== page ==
By AVA TURNQUEST
Tribune Staff Reporter
A HIGH-speed chase with undercover police officers has led a traumatised Englerston community leader to call for licensed handguns.
Mervin Darling, former deputy chairman of the Workers Party, alleged that plain-clothed officers in an unmarked vehicle shot repeatedly at his car as he drove home early on Friday morning.
Mr Darling told his story to The Tribune hours later, after first attempting to file a complaint at police headquarters.
The 40-year-old activist, one of the organisers of Freedom March, said he is now convinced of the need for Bahamians to be armed and trained to protect against rights violations, which he described as casualties of a criminal war zone.
He said: “To see it all in the day time, (Friday) morning, my Oakley’s are missing, I made a $100 withdrawal from the bank, that’s missing, and all my radio wires are completely pulled out. I have two shot-out tyres and a fear of the police.”
“This situation that occurred is why the police and the Prime Minister, who has now declared a war on crime, have realised after all the casualties of war, 40 years later, there is a war and crime is the enemy. When the person responsible for the resolution becomes the aggressor, now is the time for the Bahamian people to be armed.”
Mr Darling is employed as a Food and Beverage consultant for Bahamas Hospitality with responsibility for food and bar service management of various restaurants.
He is also the leader of a fledgling B class Junkanoo Group, the Englerston Pioneers, who plan to make their debut at this year’s Boxing Day parade.
On the eve of the incident, he had just finished work at Traveller’s Rest.
Mr Darling said: “Every night after I get off, before I go home to my wife I go and check on my mom who is 73, and my grandmother who is 96. She is the oldest living woman in Englerston, her name is Mildred Pinder. After I checked on them, I went by the Village Pub and gave a little shout to my boys, I grew up in this area this is my community.
Mr Darling said he then gave a friend a ride around the corner from the bar and began making his way home sometime around 12:30am.
As he pulled out onto Robinson Road, heading west to East Street, Mr Darling said he noticed a car was very close behind him.
“When I saw the lights come so close behind me I said to myself ‘what is this person doing?’ So I pressed the gas and then I heard the shot, so I pressed more gas, then I heard ‘pap pap pap’ and thought what is this, these guys are trying to kill me.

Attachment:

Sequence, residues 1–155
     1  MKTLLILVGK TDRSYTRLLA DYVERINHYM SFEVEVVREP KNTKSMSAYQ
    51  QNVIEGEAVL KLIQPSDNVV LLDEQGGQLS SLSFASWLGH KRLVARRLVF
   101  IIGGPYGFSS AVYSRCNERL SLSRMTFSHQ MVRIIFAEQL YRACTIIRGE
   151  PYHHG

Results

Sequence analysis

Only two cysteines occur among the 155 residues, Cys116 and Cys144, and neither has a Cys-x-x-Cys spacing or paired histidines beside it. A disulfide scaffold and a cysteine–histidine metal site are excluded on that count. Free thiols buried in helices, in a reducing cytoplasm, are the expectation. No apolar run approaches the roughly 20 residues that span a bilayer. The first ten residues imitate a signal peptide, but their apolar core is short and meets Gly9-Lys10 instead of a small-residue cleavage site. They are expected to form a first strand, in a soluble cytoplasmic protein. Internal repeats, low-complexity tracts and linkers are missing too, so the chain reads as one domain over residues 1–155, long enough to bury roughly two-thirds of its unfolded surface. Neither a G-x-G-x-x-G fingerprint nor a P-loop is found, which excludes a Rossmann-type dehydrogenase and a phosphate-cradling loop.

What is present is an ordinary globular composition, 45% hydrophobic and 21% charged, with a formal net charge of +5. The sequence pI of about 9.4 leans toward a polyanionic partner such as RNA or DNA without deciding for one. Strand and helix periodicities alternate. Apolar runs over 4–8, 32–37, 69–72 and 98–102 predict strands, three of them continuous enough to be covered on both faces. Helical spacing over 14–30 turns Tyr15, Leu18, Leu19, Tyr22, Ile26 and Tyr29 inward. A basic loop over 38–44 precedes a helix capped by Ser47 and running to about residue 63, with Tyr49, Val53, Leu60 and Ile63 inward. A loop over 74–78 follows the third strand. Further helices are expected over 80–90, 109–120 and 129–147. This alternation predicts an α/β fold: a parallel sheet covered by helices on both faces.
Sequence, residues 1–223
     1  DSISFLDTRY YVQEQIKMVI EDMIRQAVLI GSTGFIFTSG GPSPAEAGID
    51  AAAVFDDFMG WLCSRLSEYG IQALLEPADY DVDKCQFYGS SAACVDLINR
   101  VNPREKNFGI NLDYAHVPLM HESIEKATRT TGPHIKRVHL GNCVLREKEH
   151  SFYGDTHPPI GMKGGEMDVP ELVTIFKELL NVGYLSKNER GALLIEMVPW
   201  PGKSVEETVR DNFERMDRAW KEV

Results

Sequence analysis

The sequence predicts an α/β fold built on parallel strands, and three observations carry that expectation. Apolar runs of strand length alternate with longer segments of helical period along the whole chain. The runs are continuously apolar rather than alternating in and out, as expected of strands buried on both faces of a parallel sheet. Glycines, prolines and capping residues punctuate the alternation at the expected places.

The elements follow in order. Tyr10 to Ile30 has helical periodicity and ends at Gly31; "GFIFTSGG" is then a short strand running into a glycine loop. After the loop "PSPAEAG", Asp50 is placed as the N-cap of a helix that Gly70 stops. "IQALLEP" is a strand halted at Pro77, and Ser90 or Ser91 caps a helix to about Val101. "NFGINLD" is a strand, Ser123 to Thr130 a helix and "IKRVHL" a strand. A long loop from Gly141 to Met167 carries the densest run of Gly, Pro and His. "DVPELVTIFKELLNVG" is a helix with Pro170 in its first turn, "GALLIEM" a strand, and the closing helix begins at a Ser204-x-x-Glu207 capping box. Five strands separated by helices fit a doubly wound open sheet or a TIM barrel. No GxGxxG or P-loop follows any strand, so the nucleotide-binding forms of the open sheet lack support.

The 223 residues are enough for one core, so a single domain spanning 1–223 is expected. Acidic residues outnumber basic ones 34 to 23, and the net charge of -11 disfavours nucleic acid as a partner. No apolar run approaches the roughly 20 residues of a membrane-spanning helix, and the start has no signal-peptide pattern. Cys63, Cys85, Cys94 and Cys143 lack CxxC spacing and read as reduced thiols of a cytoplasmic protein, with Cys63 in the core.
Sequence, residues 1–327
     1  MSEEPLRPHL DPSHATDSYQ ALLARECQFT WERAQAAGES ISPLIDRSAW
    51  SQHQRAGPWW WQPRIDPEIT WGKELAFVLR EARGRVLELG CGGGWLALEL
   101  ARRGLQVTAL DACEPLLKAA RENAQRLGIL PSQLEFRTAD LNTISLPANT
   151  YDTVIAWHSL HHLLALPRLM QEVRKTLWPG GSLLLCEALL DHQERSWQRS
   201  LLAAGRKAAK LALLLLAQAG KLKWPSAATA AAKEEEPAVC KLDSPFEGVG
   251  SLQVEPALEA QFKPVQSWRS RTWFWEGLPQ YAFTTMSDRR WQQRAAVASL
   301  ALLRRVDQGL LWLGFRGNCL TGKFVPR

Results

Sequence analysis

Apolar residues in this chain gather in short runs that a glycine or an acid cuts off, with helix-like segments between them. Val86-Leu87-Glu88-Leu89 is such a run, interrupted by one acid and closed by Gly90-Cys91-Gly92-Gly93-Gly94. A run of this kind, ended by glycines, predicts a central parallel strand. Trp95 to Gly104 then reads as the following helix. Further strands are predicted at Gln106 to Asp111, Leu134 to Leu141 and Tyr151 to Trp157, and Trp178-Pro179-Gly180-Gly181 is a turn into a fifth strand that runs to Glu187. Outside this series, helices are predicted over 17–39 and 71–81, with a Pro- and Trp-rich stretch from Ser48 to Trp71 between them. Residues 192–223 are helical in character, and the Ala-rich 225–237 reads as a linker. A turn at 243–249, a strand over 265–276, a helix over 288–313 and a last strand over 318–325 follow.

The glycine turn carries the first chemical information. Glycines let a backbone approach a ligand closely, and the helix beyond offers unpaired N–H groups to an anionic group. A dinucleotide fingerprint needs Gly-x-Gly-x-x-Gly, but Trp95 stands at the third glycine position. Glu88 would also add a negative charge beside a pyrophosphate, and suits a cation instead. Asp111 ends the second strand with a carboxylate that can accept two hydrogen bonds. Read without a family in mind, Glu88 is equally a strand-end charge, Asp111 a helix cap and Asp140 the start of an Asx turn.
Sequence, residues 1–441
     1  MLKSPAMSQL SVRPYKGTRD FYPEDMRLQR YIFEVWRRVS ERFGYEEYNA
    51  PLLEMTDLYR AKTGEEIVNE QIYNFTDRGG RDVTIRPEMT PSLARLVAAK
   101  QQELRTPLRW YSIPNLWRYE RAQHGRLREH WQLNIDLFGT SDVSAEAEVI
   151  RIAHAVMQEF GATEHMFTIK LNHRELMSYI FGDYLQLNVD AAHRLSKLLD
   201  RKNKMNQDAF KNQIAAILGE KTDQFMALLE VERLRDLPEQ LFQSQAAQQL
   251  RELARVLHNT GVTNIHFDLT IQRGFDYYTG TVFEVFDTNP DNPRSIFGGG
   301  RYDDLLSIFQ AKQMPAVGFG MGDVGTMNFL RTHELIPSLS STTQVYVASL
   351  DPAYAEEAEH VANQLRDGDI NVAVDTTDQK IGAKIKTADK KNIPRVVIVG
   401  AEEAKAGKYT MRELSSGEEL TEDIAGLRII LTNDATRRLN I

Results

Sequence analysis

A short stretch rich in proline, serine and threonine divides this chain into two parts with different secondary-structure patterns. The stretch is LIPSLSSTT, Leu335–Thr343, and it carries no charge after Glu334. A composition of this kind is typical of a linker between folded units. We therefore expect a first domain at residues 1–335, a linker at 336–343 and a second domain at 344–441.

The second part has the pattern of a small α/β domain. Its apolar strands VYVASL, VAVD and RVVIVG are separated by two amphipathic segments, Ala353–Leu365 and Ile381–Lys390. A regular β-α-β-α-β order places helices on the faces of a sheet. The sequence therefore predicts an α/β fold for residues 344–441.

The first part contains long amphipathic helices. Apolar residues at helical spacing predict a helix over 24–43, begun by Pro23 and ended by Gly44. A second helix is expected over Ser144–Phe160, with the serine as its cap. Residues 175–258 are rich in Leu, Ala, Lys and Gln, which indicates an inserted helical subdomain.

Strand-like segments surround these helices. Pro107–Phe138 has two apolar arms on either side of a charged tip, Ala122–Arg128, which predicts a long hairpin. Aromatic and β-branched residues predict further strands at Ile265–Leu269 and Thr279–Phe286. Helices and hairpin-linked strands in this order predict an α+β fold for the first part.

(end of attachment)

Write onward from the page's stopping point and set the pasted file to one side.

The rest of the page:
“I didn’t panic, but I was trying to get away. I’m driving a Dodge Ram V8.”
“The whole time I’m thinking I don’t know what’s going on, I don’t deal with crime. My brakes are good so I did a hard turn on East Street and just floored it. As I reached the corner by Jenco Battery, after Melissa Sears, a police car was pulling out so I just slammed on brakes in front of the police car.
“When I stopped in front of them, they drew their guns on me. But then the guys were still shooting behind me; these guys were coming down the street shooting like, it was like they were Ukranian soldiers or something, so the uniform police turned to draw on them. But the plainclothes guys showed their badge.
“Then they came, stood over me, forced me to the ground; one guy put his foot on my head so my face was in the dirt. All this time they’re shouting at me how I’m so stupid, how I should have stopped after I heard the first shot.”
Mr Darling said the strategic legalisation of handguns was the only defence against violations because it would force police to identify themselves before encroaching on civil liberties.
The ordeal has severely affected Mr Darling, according to his wife Carolyn Lulse-Darling, who told The Tribune yesterday that the incident has also made her suspicious of crime events in the country.
She said it was distressing to learn that her husband was unfairly criminalised despite his active role in the community.
Mrs Lulse-Darling said: “I feel terrible because these guys are out there and you don’t know who they are; this should be taken seriously and those guys should be reprimanded for what they did because this is not right. (Mr Darling) feels very bad about it, the way they treated him like he was a criminal, it sort of affected him psychologically because sometimes he just stops and stares and say ‘what if I didn’t make it home that morning?’
“(Police) are going overboard and it makes you feel suspicious because a lot of things are happening. How can we be sure that’s who they say is doing it if they are taking that kind of measures? How could we be sure and say it’s the bad guys doing these things because you don’t just open fire on someone like that, even if they were a suspect, you identify yourself or call back up.
“We are upright citizens who go out to make a decent living. For us to be treated like this – it’s not right.”
While there has been no official response from police The Tribune can confirm that officers are investigating the matter.
On Friday afternoon, several area residents said they saw two female police officers taking photos of Mr Darling’s truck at his residence.
Mrs Darling also confirmed that the officers came to assess the vehicle after her husband made a complaint.
Mr Darling said: “This is the scientific, systematic operation of the police. If they had shot and killed me it would have been another drive-by shooting blamed on criminals. I need help, I need to be able to defend myself. It’s about citizen security, we need training so that we can be armed. You should have the right to bear a weapon, you should have a right to defend the only thing you have – your life.”